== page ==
For local historians, the recent discovery of a sizeable stretch of very old brick pipe running under the digging site of the big money Blossom Plaza Project in Chinatown is a great opportunity to witness history in real time. Urban archaeologists and those who study the historical development of Los Angeles seem to agree that this is a well-preserved chunk of the Zanja Madre, or Mother Ditch that once conveyed precious H2O to the growing city.
Portions of the Zanja were found back in 2005 in the area, but this length at Blossom Plaza underneath the site of the old Little Joe’s restaurant seems to be a history wonk’s dream come true. The Zanja Madre was the very first attempt at developing the pueblo agriculturally, beginning right after the founding in 1781 with the Pobladores (first settlers) digging these water sources off the Porciuncula (Los Angeles River). The Zanja system was essential for expansion and population growth, delivering water for drinking, irrigating crops, nourishing livestock and—once in a great while—bathing.
The early Zanja Madre was a rudimentary open ditch that evolved to about twelve feet at the top and six at the bottom, with a depth of flowing water at about three feet. Since the open system left the zanjas at the mercy of the elements and human carelessness, the common council and later city council constantly tried to improve this precious source. A drought in the late 1870s increased the necessity for shoring up the ditches, and in 1877 they were converted to “high service” and lined with concrete that unfortunately did not stand up to heavy rains in 1884 and 1886. By 1886, they had completely bricked over the zanjas, creating large pipes like the one at Blossom Plaza. At the peak of this system, 93 miles of ditches delivering water to L.A. were covered.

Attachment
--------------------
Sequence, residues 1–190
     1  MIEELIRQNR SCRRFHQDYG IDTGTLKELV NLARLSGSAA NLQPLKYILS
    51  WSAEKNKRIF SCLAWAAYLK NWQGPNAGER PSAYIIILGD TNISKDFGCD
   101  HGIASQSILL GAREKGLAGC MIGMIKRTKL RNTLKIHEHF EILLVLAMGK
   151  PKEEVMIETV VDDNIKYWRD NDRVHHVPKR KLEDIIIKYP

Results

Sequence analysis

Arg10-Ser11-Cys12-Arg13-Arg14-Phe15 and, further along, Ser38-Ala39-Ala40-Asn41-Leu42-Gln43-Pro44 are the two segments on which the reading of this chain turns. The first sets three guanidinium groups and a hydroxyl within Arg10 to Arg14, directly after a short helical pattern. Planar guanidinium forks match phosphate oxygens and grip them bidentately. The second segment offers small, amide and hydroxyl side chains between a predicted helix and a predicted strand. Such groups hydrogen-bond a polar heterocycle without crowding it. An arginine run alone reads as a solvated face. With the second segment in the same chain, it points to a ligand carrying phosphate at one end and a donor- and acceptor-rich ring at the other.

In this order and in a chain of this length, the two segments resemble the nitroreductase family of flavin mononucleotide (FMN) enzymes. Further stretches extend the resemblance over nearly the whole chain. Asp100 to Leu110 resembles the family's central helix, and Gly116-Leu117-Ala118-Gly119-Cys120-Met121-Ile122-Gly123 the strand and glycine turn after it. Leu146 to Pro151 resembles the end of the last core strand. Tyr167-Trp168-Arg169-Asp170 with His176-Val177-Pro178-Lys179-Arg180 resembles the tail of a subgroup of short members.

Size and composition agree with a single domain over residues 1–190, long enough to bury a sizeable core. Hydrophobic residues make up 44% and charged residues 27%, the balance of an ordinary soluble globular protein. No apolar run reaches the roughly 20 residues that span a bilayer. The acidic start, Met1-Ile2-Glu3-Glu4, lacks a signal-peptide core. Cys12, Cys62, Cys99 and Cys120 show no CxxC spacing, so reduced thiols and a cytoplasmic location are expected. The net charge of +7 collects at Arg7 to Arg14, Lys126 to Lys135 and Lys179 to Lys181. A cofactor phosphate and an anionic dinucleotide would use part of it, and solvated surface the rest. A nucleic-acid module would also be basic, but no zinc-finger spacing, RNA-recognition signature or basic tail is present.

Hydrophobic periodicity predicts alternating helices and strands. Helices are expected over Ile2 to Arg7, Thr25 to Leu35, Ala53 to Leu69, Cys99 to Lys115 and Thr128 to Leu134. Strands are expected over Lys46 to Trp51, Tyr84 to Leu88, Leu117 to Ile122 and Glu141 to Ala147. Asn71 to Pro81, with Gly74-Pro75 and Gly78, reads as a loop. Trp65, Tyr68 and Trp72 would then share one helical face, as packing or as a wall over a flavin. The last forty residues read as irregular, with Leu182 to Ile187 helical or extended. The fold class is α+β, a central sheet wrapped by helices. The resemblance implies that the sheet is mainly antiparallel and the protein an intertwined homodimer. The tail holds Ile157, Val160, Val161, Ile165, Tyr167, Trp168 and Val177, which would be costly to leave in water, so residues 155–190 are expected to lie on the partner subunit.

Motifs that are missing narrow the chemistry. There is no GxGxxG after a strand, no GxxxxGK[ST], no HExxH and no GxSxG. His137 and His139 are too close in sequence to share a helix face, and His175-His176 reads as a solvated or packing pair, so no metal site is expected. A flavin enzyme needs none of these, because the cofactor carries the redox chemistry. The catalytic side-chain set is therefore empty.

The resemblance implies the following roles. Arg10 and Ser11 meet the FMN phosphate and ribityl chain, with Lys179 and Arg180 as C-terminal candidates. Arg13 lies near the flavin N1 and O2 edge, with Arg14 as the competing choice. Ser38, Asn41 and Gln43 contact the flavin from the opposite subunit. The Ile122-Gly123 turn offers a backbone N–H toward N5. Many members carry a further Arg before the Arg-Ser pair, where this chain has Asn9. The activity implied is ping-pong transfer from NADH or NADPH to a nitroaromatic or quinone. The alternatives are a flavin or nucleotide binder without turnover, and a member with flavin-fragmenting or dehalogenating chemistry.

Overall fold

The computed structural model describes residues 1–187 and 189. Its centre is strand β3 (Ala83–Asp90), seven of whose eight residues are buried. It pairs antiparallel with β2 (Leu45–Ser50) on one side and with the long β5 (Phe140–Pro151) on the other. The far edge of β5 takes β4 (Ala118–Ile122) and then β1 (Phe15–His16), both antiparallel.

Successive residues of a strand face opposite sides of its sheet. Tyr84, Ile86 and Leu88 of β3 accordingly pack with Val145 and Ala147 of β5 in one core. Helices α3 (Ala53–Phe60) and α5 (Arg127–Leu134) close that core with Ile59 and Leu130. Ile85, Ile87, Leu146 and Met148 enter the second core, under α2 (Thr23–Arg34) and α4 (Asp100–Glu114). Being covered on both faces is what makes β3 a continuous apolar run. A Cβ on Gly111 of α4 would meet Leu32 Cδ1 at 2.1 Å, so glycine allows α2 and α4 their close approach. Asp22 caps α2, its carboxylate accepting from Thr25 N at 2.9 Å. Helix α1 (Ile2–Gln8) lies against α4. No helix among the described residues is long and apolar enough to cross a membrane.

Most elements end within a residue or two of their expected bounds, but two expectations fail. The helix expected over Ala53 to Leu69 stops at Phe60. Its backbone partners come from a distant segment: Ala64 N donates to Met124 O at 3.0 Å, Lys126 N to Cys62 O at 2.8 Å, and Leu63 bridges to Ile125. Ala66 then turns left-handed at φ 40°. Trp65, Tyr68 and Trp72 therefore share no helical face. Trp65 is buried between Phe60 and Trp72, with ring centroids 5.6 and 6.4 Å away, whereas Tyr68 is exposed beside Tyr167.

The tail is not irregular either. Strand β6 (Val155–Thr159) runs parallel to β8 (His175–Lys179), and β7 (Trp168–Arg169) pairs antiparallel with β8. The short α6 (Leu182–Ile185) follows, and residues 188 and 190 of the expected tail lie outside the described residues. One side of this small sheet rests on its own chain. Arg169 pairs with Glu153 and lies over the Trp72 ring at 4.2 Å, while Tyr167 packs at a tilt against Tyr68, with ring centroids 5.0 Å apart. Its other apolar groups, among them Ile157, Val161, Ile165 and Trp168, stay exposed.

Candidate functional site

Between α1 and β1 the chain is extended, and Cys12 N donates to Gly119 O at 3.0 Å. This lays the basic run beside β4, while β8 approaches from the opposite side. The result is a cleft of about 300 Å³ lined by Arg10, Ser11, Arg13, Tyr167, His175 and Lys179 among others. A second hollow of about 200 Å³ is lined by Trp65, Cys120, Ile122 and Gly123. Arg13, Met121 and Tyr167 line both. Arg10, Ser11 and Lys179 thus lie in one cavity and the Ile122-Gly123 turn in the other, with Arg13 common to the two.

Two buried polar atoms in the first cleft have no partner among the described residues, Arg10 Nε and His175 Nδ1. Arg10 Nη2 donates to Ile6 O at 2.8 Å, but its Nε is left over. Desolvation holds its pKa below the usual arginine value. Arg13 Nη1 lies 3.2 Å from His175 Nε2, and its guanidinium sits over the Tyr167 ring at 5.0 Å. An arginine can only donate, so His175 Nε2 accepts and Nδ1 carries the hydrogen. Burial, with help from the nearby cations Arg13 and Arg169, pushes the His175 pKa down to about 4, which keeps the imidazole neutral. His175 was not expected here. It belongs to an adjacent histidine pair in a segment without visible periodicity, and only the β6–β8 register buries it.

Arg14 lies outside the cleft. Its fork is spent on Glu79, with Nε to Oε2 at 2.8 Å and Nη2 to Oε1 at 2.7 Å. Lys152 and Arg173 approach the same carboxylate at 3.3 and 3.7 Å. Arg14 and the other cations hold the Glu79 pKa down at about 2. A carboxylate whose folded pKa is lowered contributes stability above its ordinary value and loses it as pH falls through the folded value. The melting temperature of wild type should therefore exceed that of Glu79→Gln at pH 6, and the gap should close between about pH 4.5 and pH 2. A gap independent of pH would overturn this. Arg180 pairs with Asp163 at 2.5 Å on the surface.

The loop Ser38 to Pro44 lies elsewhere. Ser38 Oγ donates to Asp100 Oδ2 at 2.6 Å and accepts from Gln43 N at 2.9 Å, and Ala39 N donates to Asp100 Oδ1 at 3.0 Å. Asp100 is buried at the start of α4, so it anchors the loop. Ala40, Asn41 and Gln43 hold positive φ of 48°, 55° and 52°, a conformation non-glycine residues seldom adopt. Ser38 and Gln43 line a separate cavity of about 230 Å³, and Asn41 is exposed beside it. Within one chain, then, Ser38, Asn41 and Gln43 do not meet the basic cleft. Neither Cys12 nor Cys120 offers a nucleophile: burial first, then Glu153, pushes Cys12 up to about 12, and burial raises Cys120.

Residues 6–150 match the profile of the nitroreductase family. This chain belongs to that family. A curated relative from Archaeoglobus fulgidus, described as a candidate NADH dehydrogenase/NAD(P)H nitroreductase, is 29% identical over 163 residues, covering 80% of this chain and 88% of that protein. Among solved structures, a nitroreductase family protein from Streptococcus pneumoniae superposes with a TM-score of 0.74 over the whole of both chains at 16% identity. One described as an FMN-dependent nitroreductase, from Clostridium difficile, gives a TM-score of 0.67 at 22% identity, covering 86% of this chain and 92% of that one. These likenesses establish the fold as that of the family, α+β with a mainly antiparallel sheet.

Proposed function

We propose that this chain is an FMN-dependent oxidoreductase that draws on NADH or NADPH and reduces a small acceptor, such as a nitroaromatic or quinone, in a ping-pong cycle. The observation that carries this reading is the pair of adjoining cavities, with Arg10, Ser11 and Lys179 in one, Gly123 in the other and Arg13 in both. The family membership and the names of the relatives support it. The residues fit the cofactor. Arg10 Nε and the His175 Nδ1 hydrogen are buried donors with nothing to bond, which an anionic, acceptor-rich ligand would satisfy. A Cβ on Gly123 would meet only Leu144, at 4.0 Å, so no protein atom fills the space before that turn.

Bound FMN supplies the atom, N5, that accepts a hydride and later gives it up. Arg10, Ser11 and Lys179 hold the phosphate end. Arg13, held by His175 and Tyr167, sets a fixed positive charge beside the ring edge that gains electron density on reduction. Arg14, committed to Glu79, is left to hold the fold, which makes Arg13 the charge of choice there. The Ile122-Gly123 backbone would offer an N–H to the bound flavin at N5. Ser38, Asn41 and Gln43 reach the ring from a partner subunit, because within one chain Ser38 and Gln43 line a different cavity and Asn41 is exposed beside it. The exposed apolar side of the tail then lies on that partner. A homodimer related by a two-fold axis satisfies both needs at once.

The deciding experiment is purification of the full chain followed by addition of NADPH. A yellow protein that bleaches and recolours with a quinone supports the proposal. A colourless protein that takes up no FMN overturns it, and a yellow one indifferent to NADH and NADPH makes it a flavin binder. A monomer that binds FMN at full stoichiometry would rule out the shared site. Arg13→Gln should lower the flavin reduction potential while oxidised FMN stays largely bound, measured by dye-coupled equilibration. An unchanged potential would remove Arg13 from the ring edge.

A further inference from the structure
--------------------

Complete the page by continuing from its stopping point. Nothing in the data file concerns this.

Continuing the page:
This map is one of several made of the plaza area in the 1870s, and while not as detailed as some others, it clearly shows the path of the Zanja Madre as it passes through the old pueblo. In 1874, the Zanjas were still open and wound past High street, crossing the old stage road, on toward the infamous Bath Street, past the new covered Macy Street bridge, edging the corner of the Bath Street schoolhouse (the first teachers college) past Wine/Olvera street.
Ironically, the ditch passed Marchessault Street, named for the mayor who banked his reputation on another water delivery system that failed (leaving him to commit suicide during a city council meeting). The Zanja Madre continued along the bluff that is now above North Broadway and stretched toward the hilly regions to the west and northwest of the city. The cartographer here, Frank Lecouvreur, often created maps of ranchos for early pioneers after statehood and was the official city surveyor of 1868-9.
Above: Map of the Plaza Center, Los Angeles City, 1874, Frank Lecouvreur
Los Angeles Public Library map librarian Glen Creason shares a map from the Central Library’s collection at CityThink each week.